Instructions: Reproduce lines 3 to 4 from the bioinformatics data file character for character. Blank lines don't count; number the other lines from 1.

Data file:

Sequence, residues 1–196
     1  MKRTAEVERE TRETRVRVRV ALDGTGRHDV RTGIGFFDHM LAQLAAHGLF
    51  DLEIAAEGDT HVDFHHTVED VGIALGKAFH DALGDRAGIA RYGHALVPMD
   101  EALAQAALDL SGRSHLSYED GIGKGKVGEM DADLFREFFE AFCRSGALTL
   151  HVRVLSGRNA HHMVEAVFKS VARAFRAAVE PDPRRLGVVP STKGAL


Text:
    51  DLEIAAEGDT HVDFHHTVED VGIALGKAFH DALGDRAGIA RYGHALVPMD
   101  EALAQAALDL SGRSHLSYED GIGKGKVGEM DADLFREFFE AFCRSGALTL